Sky Ltd & Ors v SkyKick UK Ltd & Anor [2020] EWHC 1735 (Ch) – Fourth Judgment

IP Insight is a series from Virtuoso Legal the intellectual property specialists. This entry reviews the significance of the 4th judgment from Lord Justice Arnold in relation to Sky v SkyKick and it's significance to trade mark registrants.

Written by Razvan Popa and Charlie Bond

Background

On 6 February 2018, Justice Arnold (as he was) issued his first judgment on Sky’s dispute with SkyKick. In order to resolve the dispute, Justice Arnold considered it necessary to refer five questions to the Court of Justice of the European Union. On 27 April 2018, Justice Arnold handed down a second judgment with issues that came out of the first judgment. The third judgment came out on 29 April 2020 following the CJEU’s decision of 29 January 2020. On 2 July 2020, Lord Justice Arnold handed down the fourth judgment.

The Infringement

Lord Justice Arnold concluded in the third judgment that SkyKick had infringed Sky’s trade marks:

"at least in so far as SkyKick have used the signs complained of in relation to their email migration service [Cloud Migration] and in so far as the Trade Marks are registered in relation to 'electronic mail services'".

The parties argued as to what “at least” meant in the judgment, with Sky claiming it meant that SkyKick may have infringed its trade marks for goods/services other than email, while SkyKick made its submissions based upon the Lord Justice Arnold decision dismissing the claim in relation to goods/services other than email.

Lord Justice Arnold stated, however, that SkyKick have infringed Sky’s trade marks in relation to their cloud back up service.

Injunction

Given Lord Justice Arnold’s third judgment, Sky now sought an injunction to stop SkyKick from continuing to infringe Sky’s trade marks. SkyKick, however, opposed this, stating that an injunction must be refused due to Sky’s partial bad faith and that an injunction would be disproportionate in this case.

As per Article 130 of the Trade Mark Regulation, where trade mark infringement is found, and unless there are any special reasons for not doing so, the EU courts must issue an order stopping the defendant from infringing the trade mark. After having considered previous CJEU decisions, Lord Justice Arnold had to decide here whether there were any special conditions to warrant not ordering an injunction. SkyKick’s counsel asked the judge to sanction Sky for applying partly in bad faith for their trade marks. Lord Justice Arnold, however, stated that such a sanction was provided by invalidating the trade marks in respect of the goods/services that were not used by Sky. He Arnold also stated that he would go against the CJEU’’s judgment if he was to find that bad faith affected all of the goods and services provided under Sky’s trade marks. SkyKick’s counsel also stated that under the doctrine of “clean hands” the injunction should not be granted. However, the judge held that this is not a special reason as defined by the CJEU and is therefore not applicable here.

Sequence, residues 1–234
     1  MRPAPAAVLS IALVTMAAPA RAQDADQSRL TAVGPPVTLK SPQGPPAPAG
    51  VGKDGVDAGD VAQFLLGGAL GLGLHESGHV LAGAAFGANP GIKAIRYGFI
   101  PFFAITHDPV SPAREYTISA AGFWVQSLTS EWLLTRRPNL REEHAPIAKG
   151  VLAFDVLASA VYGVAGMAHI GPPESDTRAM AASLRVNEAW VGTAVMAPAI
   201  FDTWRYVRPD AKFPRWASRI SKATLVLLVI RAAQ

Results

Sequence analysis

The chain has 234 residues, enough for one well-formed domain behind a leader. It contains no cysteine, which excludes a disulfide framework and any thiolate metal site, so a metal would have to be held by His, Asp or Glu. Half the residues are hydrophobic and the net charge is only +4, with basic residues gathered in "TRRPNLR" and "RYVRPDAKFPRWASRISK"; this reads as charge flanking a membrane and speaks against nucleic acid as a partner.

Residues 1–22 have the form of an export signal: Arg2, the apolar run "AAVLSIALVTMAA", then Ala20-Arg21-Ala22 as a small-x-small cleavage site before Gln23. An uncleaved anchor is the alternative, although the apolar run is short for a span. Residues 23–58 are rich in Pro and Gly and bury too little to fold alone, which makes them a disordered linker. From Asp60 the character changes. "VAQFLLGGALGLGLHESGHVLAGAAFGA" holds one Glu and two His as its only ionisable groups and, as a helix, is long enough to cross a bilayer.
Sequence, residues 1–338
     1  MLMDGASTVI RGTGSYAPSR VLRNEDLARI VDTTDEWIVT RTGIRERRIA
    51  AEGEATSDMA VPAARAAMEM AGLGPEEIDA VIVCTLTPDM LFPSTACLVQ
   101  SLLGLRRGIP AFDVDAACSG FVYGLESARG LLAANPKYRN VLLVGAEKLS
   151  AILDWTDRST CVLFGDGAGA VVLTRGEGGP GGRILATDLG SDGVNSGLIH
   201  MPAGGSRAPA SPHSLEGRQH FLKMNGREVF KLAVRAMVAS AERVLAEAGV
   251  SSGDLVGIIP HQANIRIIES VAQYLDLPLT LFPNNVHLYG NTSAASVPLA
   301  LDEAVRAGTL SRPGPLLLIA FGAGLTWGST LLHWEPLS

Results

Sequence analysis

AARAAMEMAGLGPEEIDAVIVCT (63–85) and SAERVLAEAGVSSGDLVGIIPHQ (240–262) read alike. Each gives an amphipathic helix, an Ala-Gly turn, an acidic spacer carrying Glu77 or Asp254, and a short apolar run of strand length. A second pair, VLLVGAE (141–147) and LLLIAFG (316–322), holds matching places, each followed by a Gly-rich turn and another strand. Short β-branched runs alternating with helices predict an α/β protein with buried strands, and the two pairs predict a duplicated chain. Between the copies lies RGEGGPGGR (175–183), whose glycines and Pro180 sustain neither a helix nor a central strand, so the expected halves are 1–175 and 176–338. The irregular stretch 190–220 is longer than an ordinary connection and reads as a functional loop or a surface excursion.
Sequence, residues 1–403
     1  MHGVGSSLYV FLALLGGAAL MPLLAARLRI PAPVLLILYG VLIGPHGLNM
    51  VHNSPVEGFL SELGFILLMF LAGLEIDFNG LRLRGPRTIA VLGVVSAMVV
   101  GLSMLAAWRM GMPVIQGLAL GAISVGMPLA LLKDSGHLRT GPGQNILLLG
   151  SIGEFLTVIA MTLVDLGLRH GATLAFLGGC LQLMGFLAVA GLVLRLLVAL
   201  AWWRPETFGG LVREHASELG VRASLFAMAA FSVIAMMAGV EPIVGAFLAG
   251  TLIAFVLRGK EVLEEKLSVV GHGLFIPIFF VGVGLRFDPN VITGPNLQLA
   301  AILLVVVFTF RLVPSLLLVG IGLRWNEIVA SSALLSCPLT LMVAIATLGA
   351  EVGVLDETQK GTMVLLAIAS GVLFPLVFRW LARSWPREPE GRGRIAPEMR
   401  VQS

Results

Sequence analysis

In terms of proportionality, SkyKick contended that granting an injunction would be disproportionate because:

“i) requiring SkyKick to stop using the signs complained of in the EU would have massive consequences for the business;

  1. ii) in particular, requiring SkyKick to stop using the signs in the EU would require a rebrand of all their products in all markets;

iii) this would be a very costly and disruptive exercise, which would jeopardise the survival of the business because SkyKick are still start-up companies which have yet to make a profit;

  1. iv) the problem has been compounded by the Covid-19 pandemic;
  2. v) there has been no confusion to date;
  3. vi) SkyKick are willing, if the court deems it necessary, to take steps to minimise the likelihood of confusion in the future; and

vii) SkyKick are also willing, if the court deems it necessary, to pay an ongoing royalty of 0.5%.”

Lord Justice Arnold, however, held that none of the factors show that an injunction would be disproportionate. In short, SkyKick could have:

  1. Adopted a different trade mark once Sky notified them of the infringement claim; and
  2. Simply stopped offering their services in the EU.

SkyKick have been “loss-making” since their incorporation so an injunction would not put in danger its existence. Therefore, Lord Justice Arnold granted Sky the requested injunction. However, due to Sky’s partial trade mark invalidity and broad claim, Lord Justice Arnold made an order for the parties to bear their own costs.

Both parties have now received permission to appeal and should the case not settle, we can expect an interesting decision from the Court of Appeal.